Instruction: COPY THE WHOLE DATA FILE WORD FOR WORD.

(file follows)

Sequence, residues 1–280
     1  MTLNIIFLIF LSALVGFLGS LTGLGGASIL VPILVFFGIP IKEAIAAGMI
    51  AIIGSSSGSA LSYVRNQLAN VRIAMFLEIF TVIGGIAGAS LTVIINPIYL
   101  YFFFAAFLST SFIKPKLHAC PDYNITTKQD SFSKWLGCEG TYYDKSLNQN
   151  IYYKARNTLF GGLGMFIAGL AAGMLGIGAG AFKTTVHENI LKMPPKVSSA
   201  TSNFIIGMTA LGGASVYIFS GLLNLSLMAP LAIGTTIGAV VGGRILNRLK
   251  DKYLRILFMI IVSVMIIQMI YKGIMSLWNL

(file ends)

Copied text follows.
Sequence, residues 1–280
     1  MTLNIIFLIF LSALVGFLGS LTGLGGASIL VPILVFFGIP IKEAIAAGMI
    51  AIIGSSSGSA LSYVRNQLAN VRIAMFLEIF TVIGGIAGAS LTVIINPIYL
   101  YFFFAAFLST SFIKPKLHAC PDYNITTKQD SFSKWLGCEG TYYDKSLNQN
   151  IYYKARNTLF GGLGMFIAGL AAGMLGIGAG AFKTTVHENI LKMPPKVSSA
   201  TSNFIIGMTA LGGASVYIFS GLLNLSLMAP LAIGTTIGAV VGGRILNRLK
   251  DKYLRILFMI IVSVMIIQMI YKGIMSLWNL